JACKSONVILLE – Very, very good was not good enough.
If that has been the overriding theme of the Jaguars' 2018 offseason, Todd Wash left doubt Wednesday that it's true of the defense, too.
"We've got to get better at everything," the Jaguars' defensive coordinator said shortly after practice on Day 2 of 2018 Veteran Mandatory Minicamp at the Dream Finders Home Practice Complex Wednesday.
Wash, in his third season as the Jaguars' coordinator, had perhaps the day's money quote when speaking to the media Wednesday. Asked about the team's offseason approach and how last season's run to the AFC Championship Game is motivating players and coaches, Wash was succinct.
"We did not accomplish jack last year," Wash said. "That's the mentality we're going with, and you can see they have a chip on their shoulder and want to get better every day."
Wash made clear in his 10 minutes speaking with the media a day before the end of the offseason program that that – improving on a good season that wasn't good enough – has been the offseason theme for a defense that ranked second in the NFL last season in yards allowed, sacks and interceptions.
"We did not play as well as we wanted to, even though we did have some success," Wash said. "We can get better and our players know that we can get better. As coaches, we have to be able to find more ways to put them in the position to be successful.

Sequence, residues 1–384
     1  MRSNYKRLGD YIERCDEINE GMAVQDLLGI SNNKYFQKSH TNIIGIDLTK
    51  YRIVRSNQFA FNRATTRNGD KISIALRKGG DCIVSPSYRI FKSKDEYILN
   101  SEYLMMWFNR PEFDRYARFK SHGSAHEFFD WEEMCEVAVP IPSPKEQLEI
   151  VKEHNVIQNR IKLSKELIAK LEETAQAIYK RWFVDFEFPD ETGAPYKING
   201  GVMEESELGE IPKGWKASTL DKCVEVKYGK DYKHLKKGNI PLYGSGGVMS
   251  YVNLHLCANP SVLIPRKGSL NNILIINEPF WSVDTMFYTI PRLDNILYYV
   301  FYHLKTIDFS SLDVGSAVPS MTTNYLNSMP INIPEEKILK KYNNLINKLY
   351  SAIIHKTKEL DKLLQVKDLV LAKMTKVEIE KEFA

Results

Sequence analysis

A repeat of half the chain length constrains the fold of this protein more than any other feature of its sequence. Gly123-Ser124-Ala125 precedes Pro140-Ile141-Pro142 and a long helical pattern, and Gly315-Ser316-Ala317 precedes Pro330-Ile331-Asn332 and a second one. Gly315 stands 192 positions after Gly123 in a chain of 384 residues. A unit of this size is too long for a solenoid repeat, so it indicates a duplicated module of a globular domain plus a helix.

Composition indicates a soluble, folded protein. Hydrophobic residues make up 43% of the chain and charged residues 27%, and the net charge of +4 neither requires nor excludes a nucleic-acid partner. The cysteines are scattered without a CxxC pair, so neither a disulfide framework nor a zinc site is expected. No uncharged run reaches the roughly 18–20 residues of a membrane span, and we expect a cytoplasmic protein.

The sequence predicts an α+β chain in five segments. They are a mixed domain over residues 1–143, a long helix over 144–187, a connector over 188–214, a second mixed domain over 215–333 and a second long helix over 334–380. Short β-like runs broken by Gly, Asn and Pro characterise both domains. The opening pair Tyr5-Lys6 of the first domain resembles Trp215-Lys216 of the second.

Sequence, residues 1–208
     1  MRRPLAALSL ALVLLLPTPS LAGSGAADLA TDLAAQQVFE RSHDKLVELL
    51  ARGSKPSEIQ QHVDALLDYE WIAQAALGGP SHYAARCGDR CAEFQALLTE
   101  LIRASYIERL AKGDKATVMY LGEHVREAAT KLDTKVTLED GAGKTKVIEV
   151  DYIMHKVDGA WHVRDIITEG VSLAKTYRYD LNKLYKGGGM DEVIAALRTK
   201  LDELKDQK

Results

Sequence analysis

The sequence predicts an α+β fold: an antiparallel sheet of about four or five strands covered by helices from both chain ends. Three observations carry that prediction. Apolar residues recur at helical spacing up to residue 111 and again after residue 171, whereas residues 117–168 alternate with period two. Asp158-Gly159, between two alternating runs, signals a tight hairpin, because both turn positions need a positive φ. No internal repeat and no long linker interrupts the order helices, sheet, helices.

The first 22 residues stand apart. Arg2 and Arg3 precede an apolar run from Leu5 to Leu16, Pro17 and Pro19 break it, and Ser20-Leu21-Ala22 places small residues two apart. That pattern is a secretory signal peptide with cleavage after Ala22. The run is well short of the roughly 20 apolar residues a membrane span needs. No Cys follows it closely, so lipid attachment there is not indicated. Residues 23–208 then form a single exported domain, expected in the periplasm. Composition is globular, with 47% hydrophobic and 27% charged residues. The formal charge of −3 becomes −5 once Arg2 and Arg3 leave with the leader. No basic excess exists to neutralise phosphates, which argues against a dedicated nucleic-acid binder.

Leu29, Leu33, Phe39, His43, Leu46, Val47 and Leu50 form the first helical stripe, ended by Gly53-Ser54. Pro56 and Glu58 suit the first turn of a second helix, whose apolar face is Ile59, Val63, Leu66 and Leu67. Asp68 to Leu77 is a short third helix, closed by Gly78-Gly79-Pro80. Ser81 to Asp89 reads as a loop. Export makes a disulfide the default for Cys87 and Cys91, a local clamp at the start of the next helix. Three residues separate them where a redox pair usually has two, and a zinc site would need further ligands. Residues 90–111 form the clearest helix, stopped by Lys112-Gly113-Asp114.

"They're talented. We've got to get them in that position and get the hell out of the way."
The Jaguars' defensive personnel remained largely unchanged in the offseason, with the major change being the loss of nickel corner Aaron Colvin as an unrestricted free agent and the signing of UFA D.J. Hayden to take Colvin's place. The team also lost veteran middle linebacker Paul Posluszny to retirement, with third-year veteran Myles Jack expected to move to the middle full time after playing strong-side linebacker in base-defense situations last season.
Second-year linebacker Blair Brown could move into the strong-side linebacker role, and Wash said Wednesday Brown is one of multiple players capable of playing the role. He also spoke highly of the progress of rookie seventh-round linebacker Leon Jacobs.
"He's a quick learner," Wash said of Jacobs. "He really does a nice job of what we're asking him to do and understanding the checks. We look forward to seeing him in pads [in training camp]."
Whereas the Jaguars entered last season with players such as end Calais Campbell, cornerback A.J. Bouye and safety Barry Church entering their first season in the system, Hayden and rookie reserve defensive end Taven Bryan are the only front-line players new to the system.
Continuity has had a positive effect in terms of players' knowledge of the scheme, Wash said.
"We've been done with installs [of the scheme] for a couple of, three days now," Wash said. "We're just adding stuff that we do during the year whereas last year we were not. We were still installing at this point in time. We're ahead of the schedule there.
"Being the second year in the system, it allows us to do more things and situational football because our guys understand what's asked of them and what the call is designed to do. It's very encouraging and obviously it's a joy being on the grass with them. They're making great strides."
Wash said the continuity also can be seen in the speed the unit has shown during the offseason.
"There's no doubt; they're out there playing fast," Wash said. "They're communicating extremely well – pre-snap indicators and all of that kind of stuff. It's a credit to them. They've all played together for a year and they trust each other. They're playing faster."